Devastation – Signs of Life Reissue (Punishment 18 Records)

Monday, 18th September 2017
Rating: 7/10

In the 1980’s when thrash first exploded, areas like San Francisco, New York, and Germany of course put the style on the map. Subsequently, a new generation from all parts of the globe felt the desire to put their spin on the energy, velocity, and aggression that this new sub-genre offered. Devastation from Texas hit the scene in 1986, releasing their debut album Violent Termination the following year for local label Zombo Records (also releasing Watchtower’s debut for all trivia nerds) before Combat Records signed them to their burgeoning roster. Signs of Life as the follow up in 1989 pushed their frantic assault onto the underground masses – and Italian label Punishment 18 Records believes with the re-establishment of thrash as a viable entity in today’s market, people need to be aware of this quintet’s efforts.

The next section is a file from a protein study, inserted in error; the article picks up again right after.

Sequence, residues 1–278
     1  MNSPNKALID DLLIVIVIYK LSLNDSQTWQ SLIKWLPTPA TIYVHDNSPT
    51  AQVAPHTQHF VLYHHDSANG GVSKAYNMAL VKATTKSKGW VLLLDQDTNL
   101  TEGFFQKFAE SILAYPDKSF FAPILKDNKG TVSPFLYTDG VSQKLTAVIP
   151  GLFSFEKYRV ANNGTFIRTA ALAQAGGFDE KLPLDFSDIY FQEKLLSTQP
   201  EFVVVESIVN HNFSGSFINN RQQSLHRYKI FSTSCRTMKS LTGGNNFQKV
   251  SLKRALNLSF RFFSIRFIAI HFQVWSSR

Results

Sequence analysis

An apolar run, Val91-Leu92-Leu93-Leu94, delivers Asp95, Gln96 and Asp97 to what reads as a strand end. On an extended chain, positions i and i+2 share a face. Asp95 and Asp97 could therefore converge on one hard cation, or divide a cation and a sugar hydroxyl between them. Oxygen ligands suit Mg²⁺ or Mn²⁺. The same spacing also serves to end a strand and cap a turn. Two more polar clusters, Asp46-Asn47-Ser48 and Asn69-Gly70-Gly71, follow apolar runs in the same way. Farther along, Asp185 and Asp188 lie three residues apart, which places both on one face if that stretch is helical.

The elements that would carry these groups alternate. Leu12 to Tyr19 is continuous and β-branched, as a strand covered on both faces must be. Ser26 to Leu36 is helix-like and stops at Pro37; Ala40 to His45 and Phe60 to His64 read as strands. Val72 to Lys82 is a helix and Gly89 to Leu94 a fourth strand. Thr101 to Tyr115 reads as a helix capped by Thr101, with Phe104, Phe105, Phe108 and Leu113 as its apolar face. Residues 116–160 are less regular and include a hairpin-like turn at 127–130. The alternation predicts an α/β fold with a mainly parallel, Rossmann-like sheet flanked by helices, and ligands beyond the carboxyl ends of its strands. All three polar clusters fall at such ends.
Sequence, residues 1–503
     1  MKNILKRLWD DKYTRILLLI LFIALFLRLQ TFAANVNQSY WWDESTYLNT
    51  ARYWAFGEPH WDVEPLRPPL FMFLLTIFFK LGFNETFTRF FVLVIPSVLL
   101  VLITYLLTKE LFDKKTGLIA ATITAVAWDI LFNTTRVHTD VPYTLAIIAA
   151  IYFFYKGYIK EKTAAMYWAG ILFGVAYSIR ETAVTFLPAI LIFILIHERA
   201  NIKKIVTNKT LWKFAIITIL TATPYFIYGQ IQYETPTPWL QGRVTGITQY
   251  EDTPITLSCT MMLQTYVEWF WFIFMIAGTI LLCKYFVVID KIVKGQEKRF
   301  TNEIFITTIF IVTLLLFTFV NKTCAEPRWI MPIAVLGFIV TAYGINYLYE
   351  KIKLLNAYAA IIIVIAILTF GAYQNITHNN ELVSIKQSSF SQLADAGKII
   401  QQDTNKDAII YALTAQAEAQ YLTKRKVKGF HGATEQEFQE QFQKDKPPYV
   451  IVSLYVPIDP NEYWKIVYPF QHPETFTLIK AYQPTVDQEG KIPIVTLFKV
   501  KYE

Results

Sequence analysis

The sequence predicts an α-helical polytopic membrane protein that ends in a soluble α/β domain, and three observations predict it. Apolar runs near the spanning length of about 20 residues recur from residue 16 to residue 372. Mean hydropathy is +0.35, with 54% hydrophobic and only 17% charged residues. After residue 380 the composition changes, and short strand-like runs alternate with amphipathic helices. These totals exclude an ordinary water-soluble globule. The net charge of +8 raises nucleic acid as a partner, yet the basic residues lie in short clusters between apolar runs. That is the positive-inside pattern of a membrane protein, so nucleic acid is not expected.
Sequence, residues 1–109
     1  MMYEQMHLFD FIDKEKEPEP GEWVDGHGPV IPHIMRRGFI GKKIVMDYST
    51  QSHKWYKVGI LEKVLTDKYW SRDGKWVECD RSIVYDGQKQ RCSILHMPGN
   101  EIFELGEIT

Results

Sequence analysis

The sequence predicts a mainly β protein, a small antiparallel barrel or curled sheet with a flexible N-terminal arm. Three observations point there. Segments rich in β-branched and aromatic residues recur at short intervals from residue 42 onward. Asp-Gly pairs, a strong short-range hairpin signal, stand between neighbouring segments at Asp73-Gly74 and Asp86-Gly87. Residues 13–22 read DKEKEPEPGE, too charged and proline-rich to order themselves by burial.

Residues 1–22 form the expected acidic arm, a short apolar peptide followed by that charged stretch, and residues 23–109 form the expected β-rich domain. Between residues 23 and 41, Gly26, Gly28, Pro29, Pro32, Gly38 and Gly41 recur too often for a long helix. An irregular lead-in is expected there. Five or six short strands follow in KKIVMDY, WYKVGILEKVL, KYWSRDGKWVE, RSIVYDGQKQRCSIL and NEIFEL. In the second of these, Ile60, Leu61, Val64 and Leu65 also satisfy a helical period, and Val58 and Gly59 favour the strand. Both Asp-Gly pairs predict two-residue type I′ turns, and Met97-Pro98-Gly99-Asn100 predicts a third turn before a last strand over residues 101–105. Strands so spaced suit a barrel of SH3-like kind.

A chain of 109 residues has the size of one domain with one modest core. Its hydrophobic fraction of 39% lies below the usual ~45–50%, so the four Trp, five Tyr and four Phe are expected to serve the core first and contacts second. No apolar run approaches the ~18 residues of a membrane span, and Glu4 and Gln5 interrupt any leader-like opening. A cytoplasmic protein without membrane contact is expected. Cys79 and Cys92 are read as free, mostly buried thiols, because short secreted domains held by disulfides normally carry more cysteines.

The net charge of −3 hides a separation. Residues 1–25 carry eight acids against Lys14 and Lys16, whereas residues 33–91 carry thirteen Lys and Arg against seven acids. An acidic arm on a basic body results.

The nine songs on this record prove Devastation aim to live up to their moniker – commercial aspirations never entering the playbook of riffs, transitions, and maniacal vocals. When the parts slow down to a controllable, mid-tempo groove within “Eye for an Eye” and the opening sequence of the title track, it’s short respite for the next whirlwind speed exercise of word spew and bevy of guitar/bass/drum relentless combinations that rival early Holy Terror, Kreator, Sepultura. Vocalist Rodney Dunsmore didn’t exactly command the respect of say Hetfield, Zetro, or Mille, as the roaring, take no prisoners delivery seemed stagnant or monotonous against the blitz riff runs, divebomb lead spots, and charging snare/kick combinations. While most of the material gets in and out in under four minutes, the next to last cut “Fear of the Unknown” provides interesting twists in terms of mid-tempo to doom sequences and progressive instrumental nuances in the conclusion that allowed the band’s musicianship qualities to shine in a slightly longer format, tipping the scales at just over six minutes.

Forever banished to that second or third tier of thrash bands that had a serviceable following but never rose in the ranks worldwide, Signs of Life showed remarkable improvement over the production qualities, tones, and songwriting for their debut. Good for the youngsters to experience from a historical perspective, but not at the level that Holy Terror or Forbidden were achieving on record for that point in thrash.

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